TAIPEI (Taiwan News) — The Consumers’ Foundation has expressed concern about the plethora of scent diffusers in Taiwan that are insufficiently regulated and may pose health risks.
Among the 13 samples purchased from retailers and cosmetics stores in New Taipei and Taipei as well as e-commerce platforms between November and December in 2021, one was found to contain 60 ppm of methanol and another 10,000 ppm of diethyl phthalate (DEP), used as a plasticizer, the foundation said in a press conference on Monday (June 6).
Methanol is a carcinogen and a source of indoor air pollution, while exposure to DEP could result in breast cancer or endometrial cancer in women and inhibit male reproductive capacity, according to the foundation. Another two items were found to be poorly labeled.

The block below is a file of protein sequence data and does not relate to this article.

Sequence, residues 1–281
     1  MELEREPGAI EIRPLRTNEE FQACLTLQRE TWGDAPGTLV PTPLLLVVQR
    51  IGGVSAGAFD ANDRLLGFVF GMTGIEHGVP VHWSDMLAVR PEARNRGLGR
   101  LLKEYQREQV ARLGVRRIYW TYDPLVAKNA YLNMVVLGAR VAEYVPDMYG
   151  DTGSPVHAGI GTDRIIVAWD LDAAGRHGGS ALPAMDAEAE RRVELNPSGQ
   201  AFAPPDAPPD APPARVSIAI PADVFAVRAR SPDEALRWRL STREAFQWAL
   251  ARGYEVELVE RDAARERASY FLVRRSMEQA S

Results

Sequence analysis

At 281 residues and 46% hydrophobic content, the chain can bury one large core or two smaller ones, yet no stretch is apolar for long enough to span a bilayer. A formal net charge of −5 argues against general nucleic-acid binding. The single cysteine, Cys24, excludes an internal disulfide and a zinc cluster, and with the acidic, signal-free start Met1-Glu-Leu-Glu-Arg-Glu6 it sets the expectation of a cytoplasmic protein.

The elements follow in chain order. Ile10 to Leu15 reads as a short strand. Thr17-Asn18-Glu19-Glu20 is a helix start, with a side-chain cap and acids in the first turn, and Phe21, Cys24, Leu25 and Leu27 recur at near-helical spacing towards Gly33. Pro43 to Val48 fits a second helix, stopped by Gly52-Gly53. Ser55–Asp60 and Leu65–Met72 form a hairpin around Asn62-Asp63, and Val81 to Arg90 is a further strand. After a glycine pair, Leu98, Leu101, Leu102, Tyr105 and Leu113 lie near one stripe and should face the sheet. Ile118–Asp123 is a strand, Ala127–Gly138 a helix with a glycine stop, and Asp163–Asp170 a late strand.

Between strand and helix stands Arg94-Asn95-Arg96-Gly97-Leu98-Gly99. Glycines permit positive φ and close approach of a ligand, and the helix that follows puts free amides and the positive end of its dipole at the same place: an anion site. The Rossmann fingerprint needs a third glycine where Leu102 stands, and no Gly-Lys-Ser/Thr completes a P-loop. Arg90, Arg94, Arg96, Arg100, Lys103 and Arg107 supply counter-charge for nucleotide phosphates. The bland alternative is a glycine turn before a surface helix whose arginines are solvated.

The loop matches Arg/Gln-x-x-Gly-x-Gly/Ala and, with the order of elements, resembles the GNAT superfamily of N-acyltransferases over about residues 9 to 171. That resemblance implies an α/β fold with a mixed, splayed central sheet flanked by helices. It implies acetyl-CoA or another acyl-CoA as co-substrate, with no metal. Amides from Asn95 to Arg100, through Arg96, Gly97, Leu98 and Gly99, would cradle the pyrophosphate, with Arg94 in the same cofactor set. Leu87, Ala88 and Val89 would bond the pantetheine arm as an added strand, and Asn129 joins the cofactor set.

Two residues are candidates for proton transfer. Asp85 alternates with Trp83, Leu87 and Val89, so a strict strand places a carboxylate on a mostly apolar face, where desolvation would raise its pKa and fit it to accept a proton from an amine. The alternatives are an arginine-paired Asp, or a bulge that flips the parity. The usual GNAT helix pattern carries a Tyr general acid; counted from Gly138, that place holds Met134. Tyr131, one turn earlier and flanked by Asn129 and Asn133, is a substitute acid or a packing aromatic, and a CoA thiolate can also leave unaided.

Meanwhile, six EU-listed allergy-inducing chemicals were present in nine of the samples. These include hydroxycitronellal, coumarin, butylphenyl methylpropional, linalool, limonene, and alpha-isomethyl ionone.
The foundation accused the government of failing to address calls for better regulation on relevant fragrance products and demanded prompt action. Safety standards are needed to help protect the health of consumers, it urged.
Taiwan's Consumers' Foundation holds press conference on safety of aroma diffusers. (Consumers' Foundation photo)